Funding for the design, construction, operation, and maintenance of all facilities constructed or improved under the CDP will be proportioned among those users that benefit by the facilities and with the purpose of the facility.

Agreements between agencies should consider drainage rate impacts to the ultimate users. (MPSP)

NN.U 1.4

Coordinate with Other Agencies. The City shall ensure that the Natomas CDP will be operated as designed over time, by requiring that the CDP must be consistent with other agencies’ drainage and/or flood control plans. Specifically, the plan must be consistent with Sacramento Area Flood Control Agency’s (SAFCA’s) and the U.S. Army Corps of Engineer’s Flood Control Plans. The plan must accommodate present and future flows as agreed between the responsible agencies. All agencies must agree to the design flow for present and future condition. If future flows require additional facilities, the cost of improvements will be the responsibility of the agency where the flows originate. (MPSP)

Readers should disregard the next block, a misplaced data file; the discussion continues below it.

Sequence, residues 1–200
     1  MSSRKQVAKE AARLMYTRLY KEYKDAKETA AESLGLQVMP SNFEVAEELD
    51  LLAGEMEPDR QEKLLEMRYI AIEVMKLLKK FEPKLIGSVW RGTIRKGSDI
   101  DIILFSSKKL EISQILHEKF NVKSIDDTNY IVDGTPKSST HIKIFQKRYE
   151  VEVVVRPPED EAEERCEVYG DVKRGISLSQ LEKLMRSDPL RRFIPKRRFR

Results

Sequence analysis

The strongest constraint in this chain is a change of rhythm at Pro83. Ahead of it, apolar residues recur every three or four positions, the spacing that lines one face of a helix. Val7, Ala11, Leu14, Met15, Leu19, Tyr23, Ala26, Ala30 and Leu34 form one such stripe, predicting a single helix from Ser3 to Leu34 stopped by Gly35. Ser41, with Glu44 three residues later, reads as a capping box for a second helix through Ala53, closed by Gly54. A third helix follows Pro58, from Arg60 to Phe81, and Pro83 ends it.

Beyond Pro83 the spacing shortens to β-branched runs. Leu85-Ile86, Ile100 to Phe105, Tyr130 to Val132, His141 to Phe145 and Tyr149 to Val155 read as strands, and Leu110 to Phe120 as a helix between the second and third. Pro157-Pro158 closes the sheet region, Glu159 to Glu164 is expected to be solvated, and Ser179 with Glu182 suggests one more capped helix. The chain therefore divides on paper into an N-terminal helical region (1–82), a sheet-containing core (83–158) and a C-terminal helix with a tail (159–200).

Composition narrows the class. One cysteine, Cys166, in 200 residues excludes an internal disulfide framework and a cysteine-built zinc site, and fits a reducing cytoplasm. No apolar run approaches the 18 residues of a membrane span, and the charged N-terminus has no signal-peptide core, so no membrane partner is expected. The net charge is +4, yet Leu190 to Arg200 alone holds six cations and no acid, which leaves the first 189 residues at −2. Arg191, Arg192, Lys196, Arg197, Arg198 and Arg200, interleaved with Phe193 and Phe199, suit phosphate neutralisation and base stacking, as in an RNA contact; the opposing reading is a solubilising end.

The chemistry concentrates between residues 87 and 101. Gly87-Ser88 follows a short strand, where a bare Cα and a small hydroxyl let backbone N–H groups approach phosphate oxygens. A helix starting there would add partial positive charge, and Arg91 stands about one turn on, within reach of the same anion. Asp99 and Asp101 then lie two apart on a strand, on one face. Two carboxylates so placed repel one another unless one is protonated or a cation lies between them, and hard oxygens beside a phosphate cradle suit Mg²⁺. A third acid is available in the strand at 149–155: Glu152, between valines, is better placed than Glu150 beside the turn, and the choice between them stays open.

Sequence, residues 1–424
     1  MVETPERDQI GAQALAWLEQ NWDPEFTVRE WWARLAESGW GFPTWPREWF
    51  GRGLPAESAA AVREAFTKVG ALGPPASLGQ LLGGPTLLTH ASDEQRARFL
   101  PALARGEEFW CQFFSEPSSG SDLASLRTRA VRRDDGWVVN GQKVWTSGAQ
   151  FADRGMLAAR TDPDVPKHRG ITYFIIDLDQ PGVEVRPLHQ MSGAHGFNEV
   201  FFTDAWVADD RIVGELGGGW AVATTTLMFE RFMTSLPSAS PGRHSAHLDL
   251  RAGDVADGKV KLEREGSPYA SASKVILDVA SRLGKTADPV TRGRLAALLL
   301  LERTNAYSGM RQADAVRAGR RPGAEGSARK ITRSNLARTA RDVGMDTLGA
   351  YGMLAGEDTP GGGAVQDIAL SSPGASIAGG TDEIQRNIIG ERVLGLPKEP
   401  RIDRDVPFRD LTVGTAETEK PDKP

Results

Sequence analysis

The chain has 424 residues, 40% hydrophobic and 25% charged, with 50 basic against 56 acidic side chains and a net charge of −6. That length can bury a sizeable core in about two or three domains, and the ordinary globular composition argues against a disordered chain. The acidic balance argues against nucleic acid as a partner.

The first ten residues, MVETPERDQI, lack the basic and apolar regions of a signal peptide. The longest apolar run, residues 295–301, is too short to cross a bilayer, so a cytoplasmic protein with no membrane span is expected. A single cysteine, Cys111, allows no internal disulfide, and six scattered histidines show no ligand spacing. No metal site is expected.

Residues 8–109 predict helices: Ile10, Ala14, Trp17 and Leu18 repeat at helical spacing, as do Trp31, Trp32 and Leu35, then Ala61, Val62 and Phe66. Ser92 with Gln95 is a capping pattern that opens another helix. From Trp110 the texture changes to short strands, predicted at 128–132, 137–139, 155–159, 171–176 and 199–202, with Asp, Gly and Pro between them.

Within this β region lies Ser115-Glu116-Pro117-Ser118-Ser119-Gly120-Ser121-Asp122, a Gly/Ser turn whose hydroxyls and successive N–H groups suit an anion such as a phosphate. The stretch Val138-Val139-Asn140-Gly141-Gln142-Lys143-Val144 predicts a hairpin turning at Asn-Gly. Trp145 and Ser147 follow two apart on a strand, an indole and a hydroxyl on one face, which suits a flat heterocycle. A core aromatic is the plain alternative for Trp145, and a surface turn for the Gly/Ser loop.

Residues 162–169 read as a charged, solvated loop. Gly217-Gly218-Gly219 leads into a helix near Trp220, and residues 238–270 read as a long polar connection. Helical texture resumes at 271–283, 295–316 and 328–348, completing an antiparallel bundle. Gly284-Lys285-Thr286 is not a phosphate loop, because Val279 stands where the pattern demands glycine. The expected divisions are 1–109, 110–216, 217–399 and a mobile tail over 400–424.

NN.U 1.5

Drainage Facilities. The City shall require that all phased drainage facilities be part of the CDP and approved prior to implementation. (RDR/MPSP)

Page 3-NN-32

facilities be part of the CDP and approved prior to implementation. (RDR/MPSP) Page 3-NN-32 Adopted March

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NORTH NATOMAS COMMUNITY PLAN

NN.U 1.6

Development Agreements. The City shall require that all phased drainage facilities are implemented in accordance with the Finance Plan. Development agreements formalizing financial commitments for the CDP shall be in place prior to approval of any phased incremental development. (RDR/MPSP)

NN.U 1.7

Operational Drainage Facilities. The City shall ensure that adequate drainage facilities are in place and operational before each new increment of development is approved for construction. (RDR)

Flood Control

There are no policies specific to North Natomas that supplement the citywide General Plan policies. Please see the Environmental Constraints Element in Part 2 of the General Plan for policies regarding flood control.

Education, Recreation, and Culture

Civic Uses